A decellularized organ is one that has had the cells stripped out, such as via detergent solutions, leaving behind the extracellular matrix. Decellularization is a way to obtain a fully detailed organ scaffold, complete with chemical cues to guide the reconstruction of tissues when new cells are added, without having to build it from scratch. That task that is presently impossible, though some groups are making headway in the construction of scaffolds detailed enough for use in tissue engineering. Interestingly, decellularization allows the use of human cells in animal organs: this may be a viable path towards farming pigs for organs that can be recellularized with a patient’s own cells and then transplanted without risk of rejection, for example. It remains to be see as to whether this approach stays far enough ahead of efforts to build organs from scratch to have commercial viability.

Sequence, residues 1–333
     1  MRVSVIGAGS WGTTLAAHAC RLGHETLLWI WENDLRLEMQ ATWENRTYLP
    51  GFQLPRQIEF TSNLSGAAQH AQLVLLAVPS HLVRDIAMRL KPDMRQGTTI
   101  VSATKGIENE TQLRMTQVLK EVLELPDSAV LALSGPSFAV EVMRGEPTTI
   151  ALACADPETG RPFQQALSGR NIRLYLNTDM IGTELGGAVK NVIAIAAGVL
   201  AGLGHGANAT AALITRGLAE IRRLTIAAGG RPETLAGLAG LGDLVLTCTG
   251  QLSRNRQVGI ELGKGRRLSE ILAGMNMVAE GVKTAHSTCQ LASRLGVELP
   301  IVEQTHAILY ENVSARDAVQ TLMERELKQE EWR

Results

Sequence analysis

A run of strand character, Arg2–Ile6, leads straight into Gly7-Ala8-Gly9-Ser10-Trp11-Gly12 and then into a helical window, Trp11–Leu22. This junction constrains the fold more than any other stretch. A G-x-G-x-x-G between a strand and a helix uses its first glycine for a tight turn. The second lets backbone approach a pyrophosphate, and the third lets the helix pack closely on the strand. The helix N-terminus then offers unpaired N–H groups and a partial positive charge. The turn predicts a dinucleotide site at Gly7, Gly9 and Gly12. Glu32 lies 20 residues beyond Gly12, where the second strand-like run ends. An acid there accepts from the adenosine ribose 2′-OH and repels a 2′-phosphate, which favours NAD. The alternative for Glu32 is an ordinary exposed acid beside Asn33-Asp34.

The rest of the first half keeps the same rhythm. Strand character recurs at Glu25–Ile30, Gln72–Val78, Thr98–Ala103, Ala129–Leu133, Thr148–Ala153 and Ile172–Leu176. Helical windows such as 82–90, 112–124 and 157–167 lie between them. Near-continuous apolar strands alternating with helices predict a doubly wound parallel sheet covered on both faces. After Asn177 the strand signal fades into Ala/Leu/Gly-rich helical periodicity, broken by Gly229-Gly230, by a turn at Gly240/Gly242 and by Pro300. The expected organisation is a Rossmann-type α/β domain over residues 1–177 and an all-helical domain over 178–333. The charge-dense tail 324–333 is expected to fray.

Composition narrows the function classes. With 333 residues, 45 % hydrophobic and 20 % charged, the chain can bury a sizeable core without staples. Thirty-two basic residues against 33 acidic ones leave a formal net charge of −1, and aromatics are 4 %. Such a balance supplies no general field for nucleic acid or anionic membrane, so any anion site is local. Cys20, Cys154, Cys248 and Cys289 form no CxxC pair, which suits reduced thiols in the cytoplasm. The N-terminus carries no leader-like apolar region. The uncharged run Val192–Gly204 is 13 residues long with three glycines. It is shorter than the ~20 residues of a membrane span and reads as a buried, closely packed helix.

Using skin cells from human volunteers, researchers have created fully functional mini livers, which they then transplanted into rats. In this proof-of-concept experiment, the lab-made organs survived for four days inside their animal hosts. These mini livers secrete bile acids and urea, just like a normal liver, except they’re made-to-order in the lab using patient cells. And, although liver maturation takes up to two years in a natural environment, the researchers did it in under a month.
As an ultimate test, the researchers transplanted their lab-grown mini livers into five rats, who were bred to resist organ rejection. Four days after the transplant, researchers investigated how well the implanted organs were faring. In all cases, blood flow problems had developed within and around the graft, but the transplanted mini livers worked – the rats had human liver proteins in their blood serum.
Researchers are optimistic that this research is not merely a stepping-stone on the path toward growing replacement organs in a lab, but also a useful tool in its own right. “The long-term goal is to create organs that can replace organ donation, but in the near future, I see this as a bridge to transplant. For instance, in acute liver failure, you might just need hepatic boost for a while instead of a whole new liver.”